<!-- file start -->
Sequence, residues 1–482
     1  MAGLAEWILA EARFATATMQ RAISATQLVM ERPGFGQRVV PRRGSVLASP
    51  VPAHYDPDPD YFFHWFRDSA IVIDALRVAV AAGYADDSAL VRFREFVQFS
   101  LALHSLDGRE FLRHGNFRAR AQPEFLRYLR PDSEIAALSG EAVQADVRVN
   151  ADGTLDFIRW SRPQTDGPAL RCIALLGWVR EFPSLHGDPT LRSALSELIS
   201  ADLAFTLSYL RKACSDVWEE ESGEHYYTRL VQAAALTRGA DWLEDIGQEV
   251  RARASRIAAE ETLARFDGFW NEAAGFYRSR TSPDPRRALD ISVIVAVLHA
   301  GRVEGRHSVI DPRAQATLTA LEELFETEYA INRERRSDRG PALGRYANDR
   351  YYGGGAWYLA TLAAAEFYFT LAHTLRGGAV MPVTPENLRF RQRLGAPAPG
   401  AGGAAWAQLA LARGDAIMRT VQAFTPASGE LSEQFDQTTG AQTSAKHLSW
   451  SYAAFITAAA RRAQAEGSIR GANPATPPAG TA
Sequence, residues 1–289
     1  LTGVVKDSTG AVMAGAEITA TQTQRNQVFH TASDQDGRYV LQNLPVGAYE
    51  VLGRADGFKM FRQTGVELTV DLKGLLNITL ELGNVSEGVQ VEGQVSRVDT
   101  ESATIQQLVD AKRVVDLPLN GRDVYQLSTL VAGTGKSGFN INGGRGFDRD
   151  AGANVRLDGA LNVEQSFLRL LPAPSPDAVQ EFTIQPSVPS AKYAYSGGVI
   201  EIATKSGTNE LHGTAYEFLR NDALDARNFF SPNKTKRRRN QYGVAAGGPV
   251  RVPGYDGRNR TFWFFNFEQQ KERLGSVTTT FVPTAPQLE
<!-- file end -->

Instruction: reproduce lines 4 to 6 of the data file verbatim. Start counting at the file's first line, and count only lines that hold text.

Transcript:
   101  LALHSLDGRE FLRHGNFRAR AQPEFLRYLR PDSEIAALSG EAVQADVRVN
   151  ADGTLDFIRW SRPQTDGPAL RCIALLGWVR EFPSLHGDPT LRSALSELIS
   201  ADLAFTLSYL RKACSDVWEE ESGEHYYTRL VQAAALTRGA DWLEDIGQEV